Press Center

 Remarks by Under Secretary Lael Brainard on China at the Center for American Progress (CAP)


As prepared for delivery

WASHINGTON - Our country’s economic future lies primarily in our own hands.  But the choices China makes as it navigates its next phase of development will matter greatly for the kind of international playing field our companies, workers, farmers, and ranchers will face.

That is why the President has worked hard from day one to make our economic relationship with China more balanced so that it yields greater benefits for American workers and exporters and China no longer plays by a different set of rules.

At every juncture, the President and his economic team have pressed China to abide by international norms, especially given its outsized role in the international trading system.  We have highlighted the costs of not adopting these norms, and we have moved forward with forging higher standards with like-minded countries.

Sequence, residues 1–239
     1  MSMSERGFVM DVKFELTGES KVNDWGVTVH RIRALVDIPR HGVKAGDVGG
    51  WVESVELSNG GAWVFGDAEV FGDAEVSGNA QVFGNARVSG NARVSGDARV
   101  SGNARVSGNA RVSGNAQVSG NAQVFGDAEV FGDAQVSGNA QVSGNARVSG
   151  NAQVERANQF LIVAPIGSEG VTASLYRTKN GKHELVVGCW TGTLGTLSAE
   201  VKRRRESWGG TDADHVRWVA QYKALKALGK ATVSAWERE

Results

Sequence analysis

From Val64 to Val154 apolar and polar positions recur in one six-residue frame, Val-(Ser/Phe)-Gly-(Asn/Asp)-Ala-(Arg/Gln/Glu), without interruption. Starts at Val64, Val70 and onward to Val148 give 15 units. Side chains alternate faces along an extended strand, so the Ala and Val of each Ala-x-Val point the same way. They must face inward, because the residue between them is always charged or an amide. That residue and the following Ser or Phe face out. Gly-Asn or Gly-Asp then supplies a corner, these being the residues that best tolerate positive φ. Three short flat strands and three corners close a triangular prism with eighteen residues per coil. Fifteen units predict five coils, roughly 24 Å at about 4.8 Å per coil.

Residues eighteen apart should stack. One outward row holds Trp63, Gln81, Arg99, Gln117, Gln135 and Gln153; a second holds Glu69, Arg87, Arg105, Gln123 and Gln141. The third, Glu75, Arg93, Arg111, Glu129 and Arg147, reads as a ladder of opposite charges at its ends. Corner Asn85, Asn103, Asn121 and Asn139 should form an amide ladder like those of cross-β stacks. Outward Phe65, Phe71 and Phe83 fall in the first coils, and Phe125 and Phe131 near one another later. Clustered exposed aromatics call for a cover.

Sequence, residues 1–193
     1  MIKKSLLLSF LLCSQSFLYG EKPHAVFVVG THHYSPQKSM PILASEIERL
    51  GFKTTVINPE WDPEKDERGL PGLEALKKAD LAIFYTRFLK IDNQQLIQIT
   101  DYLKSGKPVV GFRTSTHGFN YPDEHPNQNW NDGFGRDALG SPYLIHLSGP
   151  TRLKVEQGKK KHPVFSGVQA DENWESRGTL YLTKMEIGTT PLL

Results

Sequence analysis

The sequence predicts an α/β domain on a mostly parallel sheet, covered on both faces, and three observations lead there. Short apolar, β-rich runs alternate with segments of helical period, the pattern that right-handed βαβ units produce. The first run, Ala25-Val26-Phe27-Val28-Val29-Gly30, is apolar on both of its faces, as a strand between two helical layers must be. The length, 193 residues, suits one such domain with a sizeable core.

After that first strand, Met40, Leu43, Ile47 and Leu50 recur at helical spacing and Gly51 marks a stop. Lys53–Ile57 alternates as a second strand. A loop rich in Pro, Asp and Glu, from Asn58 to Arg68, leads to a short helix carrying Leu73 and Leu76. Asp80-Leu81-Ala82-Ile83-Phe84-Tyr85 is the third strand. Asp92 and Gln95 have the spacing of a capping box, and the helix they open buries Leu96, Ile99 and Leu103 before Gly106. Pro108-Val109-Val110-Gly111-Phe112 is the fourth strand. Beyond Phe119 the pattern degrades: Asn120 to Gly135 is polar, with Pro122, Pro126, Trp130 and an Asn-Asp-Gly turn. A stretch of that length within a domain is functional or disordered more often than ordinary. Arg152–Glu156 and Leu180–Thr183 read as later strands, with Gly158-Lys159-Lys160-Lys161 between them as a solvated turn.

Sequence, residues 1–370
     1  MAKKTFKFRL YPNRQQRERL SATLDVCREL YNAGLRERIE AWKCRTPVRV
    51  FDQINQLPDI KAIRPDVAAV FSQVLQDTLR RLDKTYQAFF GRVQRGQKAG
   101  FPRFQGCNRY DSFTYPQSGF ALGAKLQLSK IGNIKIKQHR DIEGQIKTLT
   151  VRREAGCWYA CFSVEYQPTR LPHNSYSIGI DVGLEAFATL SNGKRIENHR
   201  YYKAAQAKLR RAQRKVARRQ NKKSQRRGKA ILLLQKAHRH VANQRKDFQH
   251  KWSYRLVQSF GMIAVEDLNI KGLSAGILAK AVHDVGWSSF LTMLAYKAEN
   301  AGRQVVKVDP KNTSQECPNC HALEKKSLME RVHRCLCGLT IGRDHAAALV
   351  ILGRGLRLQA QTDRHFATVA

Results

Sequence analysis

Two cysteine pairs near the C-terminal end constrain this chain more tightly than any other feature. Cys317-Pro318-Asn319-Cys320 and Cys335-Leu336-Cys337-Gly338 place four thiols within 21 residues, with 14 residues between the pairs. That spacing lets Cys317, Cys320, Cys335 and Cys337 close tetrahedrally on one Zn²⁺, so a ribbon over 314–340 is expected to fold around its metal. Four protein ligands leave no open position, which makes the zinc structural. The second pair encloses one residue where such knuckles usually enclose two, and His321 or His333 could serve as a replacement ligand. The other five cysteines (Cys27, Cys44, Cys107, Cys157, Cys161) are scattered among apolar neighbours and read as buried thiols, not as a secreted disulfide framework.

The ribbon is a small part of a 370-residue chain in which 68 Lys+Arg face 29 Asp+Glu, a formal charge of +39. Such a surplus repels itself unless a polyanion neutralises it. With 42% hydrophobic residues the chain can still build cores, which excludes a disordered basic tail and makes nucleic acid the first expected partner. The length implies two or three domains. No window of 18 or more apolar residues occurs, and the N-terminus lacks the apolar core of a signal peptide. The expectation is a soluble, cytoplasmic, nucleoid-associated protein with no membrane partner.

The President has demanded changes where our core economic interests are at stake, and we have used all available mechanisms effectively and aggressively to defend them—including through the World Trade Organization (WTO) and the newly-created trade enforcement center that investigates unfair trading practices. 

We have sought to work with the grain of the reform agenda many in China are advocating.  We have highlighted the importance of rebalancing growth and leveling the playing field so that China avoids the middle-income trap and navigates its demographic transition.

And we have done so without undue drama by cultivating greater clarity and predictability in our bilateral engagement.  We have worked hard to find common ground, recognizing that the first and second largest economies share an overwhelming interest in building a more robust global economy.